The social distancing measures of the pandemic have contributed to our renewed interest in how to effectively communicate remotely with the currently available technologies. One such technology is Virtual Reality (VR). VR allows people to share a virtual space and perspective, as well as contextual and environmental cues. The issue with VR, however, is that it has been designed with a single user experience in mind — not multi-party social interaction. Bleakley et al. highlight the following three main issues which need to be addressed in order to move forward with the technology: variability of social immersion, unclear collaborative roles, and the need for an effective shared visual reference.

Points of Interest

  • Renewed and growing interest in remote communication
  • Social VR

Ambient Environments for Emotional Physical Communication (Li & Jianting, 2009)

Human communication is both spoken and unspoken. In other words, it is not only what is said, but how we say it. In addition to words, we require non-verbal forms of communication, such as facial expression and gestures, to more effectively convey our emotional state. In order to retain this emotional layer of information over long-distance communication, Li & Jianting propose a coupled ambient environment network as an alternative to verbal or text-based technologies. The ambient environment of the sender would sense and interpret the movement of the user as emotions, and then use this information to communicate and affect the receiver’s environment through a change in lighting, colours, music, and projected images.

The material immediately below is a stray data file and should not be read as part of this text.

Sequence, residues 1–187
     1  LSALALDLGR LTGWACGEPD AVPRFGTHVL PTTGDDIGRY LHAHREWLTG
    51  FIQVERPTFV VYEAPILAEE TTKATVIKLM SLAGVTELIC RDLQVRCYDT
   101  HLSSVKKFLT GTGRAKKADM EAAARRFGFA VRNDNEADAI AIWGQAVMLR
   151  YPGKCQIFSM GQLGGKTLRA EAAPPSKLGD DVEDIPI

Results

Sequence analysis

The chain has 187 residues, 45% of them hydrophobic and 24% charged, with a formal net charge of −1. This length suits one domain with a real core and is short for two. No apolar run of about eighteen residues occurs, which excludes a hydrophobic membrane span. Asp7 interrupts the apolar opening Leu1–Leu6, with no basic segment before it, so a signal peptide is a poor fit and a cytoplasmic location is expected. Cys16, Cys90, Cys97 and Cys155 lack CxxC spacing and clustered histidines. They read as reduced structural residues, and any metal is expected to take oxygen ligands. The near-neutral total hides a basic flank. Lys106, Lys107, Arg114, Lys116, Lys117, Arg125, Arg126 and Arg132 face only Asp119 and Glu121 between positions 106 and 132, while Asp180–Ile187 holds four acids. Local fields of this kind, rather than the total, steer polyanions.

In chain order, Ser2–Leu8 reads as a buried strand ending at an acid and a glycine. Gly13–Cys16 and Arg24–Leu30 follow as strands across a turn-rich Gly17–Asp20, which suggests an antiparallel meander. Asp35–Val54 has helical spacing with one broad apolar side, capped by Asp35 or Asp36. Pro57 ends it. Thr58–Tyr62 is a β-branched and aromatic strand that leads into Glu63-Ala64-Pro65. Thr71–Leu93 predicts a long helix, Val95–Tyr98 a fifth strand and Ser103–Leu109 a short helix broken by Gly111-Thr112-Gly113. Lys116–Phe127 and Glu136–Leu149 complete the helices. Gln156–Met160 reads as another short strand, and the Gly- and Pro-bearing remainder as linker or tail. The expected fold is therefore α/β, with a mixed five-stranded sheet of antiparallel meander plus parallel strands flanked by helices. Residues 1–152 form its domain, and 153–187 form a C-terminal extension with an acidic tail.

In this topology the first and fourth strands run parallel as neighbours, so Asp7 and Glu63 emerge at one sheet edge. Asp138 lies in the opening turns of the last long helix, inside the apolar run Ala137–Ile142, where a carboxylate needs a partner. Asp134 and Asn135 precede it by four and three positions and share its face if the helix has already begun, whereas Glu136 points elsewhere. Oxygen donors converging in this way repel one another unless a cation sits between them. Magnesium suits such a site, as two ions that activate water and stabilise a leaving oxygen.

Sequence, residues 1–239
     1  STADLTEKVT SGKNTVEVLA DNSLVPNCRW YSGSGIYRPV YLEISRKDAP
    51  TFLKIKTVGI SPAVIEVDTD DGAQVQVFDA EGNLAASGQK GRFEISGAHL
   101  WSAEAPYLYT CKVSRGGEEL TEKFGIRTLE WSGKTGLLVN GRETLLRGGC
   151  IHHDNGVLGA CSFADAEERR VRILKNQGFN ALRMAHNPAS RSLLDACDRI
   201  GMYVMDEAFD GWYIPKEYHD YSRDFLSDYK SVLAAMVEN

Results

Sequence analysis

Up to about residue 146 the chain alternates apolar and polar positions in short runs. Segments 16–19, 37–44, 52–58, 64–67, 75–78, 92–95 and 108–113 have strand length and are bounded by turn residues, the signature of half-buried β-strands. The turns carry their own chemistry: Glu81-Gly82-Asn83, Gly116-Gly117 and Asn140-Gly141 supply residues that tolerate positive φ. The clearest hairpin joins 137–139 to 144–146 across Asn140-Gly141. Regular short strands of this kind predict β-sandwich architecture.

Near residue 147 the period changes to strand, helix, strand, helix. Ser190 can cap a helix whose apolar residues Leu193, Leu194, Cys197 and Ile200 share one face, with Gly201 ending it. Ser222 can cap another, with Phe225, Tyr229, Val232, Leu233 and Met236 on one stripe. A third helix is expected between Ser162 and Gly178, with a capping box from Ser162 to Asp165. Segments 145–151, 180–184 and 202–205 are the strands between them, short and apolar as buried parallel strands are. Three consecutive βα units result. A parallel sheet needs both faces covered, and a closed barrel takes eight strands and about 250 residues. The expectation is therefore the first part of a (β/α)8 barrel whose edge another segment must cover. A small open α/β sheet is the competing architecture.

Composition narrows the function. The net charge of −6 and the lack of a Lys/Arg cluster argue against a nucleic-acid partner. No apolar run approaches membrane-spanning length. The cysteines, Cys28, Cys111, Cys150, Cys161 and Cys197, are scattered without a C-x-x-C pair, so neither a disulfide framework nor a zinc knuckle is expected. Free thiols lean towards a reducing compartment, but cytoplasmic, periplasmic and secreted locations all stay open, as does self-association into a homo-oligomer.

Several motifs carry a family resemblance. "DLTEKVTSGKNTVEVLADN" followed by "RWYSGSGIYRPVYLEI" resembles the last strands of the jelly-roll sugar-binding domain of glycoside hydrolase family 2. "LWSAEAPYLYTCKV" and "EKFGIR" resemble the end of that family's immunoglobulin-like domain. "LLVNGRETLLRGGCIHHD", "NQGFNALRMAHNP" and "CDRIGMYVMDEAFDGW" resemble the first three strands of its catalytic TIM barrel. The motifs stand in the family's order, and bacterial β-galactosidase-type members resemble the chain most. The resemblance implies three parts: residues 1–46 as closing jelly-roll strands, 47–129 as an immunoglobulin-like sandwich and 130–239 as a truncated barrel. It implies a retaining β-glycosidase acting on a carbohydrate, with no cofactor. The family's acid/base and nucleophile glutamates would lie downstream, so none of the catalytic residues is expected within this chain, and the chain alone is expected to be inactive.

Points of Interest

  • Faberg’s emotion-movement framework
  • Emotional tangible interfaces

VR-Enabled Telepresence as a Bridge for People, Environments, and Experiences (Jones, Zhang, Wong, Rintel, & Heshmat, 2020)

In their workshop paper, Jones et al. discuss two explorations of Virtual Reality (VR) as a tool to bridge people, environments and experiences. The first concept is a VR Telepresence Robot Interface, which allows a remote user to control a unidirectional robot with an immersive 360° camera view. In the second concept, Virtual Robot Overlay for Online Meetings (VROOM), an avatar of the remote user is superimposed on a robot. While the local user can see the avatar using a HoloLens AR headset, the remote user sees their avatar in VR view.

Points of Interest

  • Distinction between telepresence & virtual presence
  • Spatial presence, social presence, co-presence, self-presence


Holoportation from Microsoft Research

Microsoft’s Holoportation uses 3D capture technology to reconstruct high-quality models of people anywhere in the world in real time. Using a HoloLens, users can then see, hear, and interact with remote participants in 3D physical space.